It is elementary that criminal and penal laws are to be strictly construed. LSA-R.S. 14:3.5 The majority's holding is contrary to the rule of lenity that any ambiguity in the substantive provisions of a statute as written is resolved in favor of the accused and against the state. State v. Carr, 99-2209, p. 4 (La.5/26/00), 761 So.2d 1271, 1274. The interpretation given to LSA-R.S. 14:100 by the majority violates this principle of statutory construction and unjustly convicts the defendant.
In this matter, the dispatcher called by the defendant could not recall if the defendant gave his name. The defendant admitted he could not recall if he gave his name. Nevertheless, upon being called by the police after the accident, he offered to turn himself in, but was told to report the next morning. He complied with this directive by reporting to the police station.
The fact of the matter is defendant, lacking a cell phone and medical training, left the accident site to call the police for help. A doctor testified that even if defendant had remained at the scene, he would have been helpless and unable to save the victim's life. The statute, as written, avoids the dilemma of the driver who decides whether to stay at the scene, helpless, or to leave to seek aid. Ultimately it is the legislature which writes the law. If the statute, as written, does not achieve an intended goal, the legislature can change the law.
This matter involved a terrible tragedy. I do not deny that one who is involved in an accident has a moral obligation to remain at the scene or at least return to the scene of an accident to render aid. A failure to return to the scene of any accident is morally reprehensible. However, the law does not punish each moral lapse and it is the legislature's role to statutorily define what actions or inactions result in criminal responsibility. Courts cannot enlarge this criminal responsibility by jurisprudentially altering the statute to achieve a result in a difficult case such as this one. Based on the statutory language, the defendant did not commit the crime of hit-and-run driving, and he was not charged with any other crime, such as negligent homicide or vehicular homicide.
Based on the language of the statute as written, this court should find that the state failed to offer sufficient evidence in support of the defendant's conviction and, accordingly, reverse his conviction and sentence.
1. In some portions of the record, including defendant's signature, his name is spelled “Allan Scott Williams.”
2. At the time of the accident in question, LaSalle Parish did not have an operating 9-1-1 system.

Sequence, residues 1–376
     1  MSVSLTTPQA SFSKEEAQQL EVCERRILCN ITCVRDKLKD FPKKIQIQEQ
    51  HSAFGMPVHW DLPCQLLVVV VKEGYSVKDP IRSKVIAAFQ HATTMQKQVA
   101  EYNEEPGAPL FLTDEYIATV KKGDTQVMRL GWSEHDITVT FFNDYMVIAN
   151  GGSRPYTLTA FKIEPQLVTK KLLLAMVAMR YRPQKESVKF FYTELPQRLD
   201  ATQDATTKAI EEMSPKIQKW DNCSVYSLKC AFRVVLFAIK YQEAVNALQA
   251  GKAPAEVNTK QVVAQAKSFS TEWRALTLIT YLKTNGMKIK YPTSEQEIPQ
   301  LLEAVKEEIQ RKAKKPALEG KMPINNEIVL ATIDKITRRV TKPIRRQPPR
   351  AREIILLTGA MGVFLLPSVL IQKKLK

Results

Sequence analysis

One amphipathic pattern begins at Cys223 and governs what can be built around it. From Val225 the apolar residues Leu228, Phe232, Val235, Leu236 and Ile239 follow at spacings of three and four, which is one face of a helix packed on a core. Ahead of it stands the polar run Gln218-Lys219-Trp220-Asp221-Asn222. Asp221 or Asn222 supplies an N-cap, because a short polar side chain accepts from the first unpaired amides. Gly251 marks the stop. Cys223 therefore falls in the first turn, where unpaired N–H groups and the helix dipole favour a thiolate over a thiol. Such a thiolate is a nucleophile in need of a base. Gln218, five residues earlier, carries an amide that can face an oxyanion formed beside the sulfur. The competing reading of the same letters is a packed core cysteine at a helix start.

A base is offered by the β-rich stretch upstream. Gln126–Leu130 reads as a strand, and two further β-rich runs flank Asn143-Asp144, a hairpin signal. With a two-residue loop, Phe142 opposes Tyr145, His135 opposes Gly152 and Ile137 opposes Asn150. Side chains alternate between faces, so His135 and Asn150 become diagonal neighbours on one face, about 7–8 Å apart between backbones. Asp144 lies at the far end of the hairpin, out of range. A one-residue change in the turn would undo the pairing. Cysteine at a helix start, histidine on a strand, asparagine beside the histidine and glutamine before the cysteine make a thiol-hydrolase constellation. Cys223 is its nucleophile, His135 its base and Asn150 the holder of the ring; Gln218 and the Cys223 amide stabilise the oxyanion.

3. The results of blood alcohol tests administered to Miss Morphis and Mr. George were negative. Defendant's blood alcohol level was never tested. Trooper Howard testified that defendant was not tested because the supervising officers “felt like any testing would have been compromised due to the time.”
1. The Agee case is also distinguishable on its facts, because there was conflicting testimony as to whether the defendant in that case had actually reported the accident to the police. This conflicting testimony allowed the trial court to reject the defendant's hypothesis of innocence, i.e., that he was the one who had made the telephone call reporting the accident to the police. The Agee court, therefore, did not need to construe the statute as it did in order to affirm the conviction on sufficiency grounds.
1. LSA-R.S. 14:100 provides, in pertinent part:A. Hit and run driving is the intentional failure of the driver of a vehicle involved in or causing any accident, to stop such vehicle at the scene of the accident, to give his identity, and to render reasonable aid.B. For the purpose of this Section:(1) “To give his identity”, means that the driver of any vehicle involved in any accident shall give his name, address, and the license number of his vehicle, or shall report the accident to the police. [Emphasis supplied.]
2. With respect to interpreting the provisions of the Revised Statutes, LSA-R.S. 1:9 instructs:Unless it is otherwise clearly indicated by the context, whenever the term “or” is used in the Revised Statutes, it is used in the disjunctive and does not mean “and/or.”
3. Quoted at Footnote 1.
4. The trier of fact in Agee could reasonably have determined that defendant failed to report the accident to police, thus rendering unnecessary the appellate court's tenuous holding. To the extent Agee is in conflict with this dissent, the case should be overruled.
5. LSA-R.S. 14:3 provides:The articles of this Code cannot be extended by analogy so as to create crimes not provided for herein; however, in order to promote justice and to effect the objects of the law, all of its provisions shall be given a genuine construction, according to the fair import of their words, taken in their usual sense, in connection with the context, and with reference to the purpose of the provision.
CALOGERO, C.J., and Weimer, J., dissent and assign reasons. VICTORY, J., concurs in the result and assigns reasons. KNOLL, J., additionally concurs with reasons.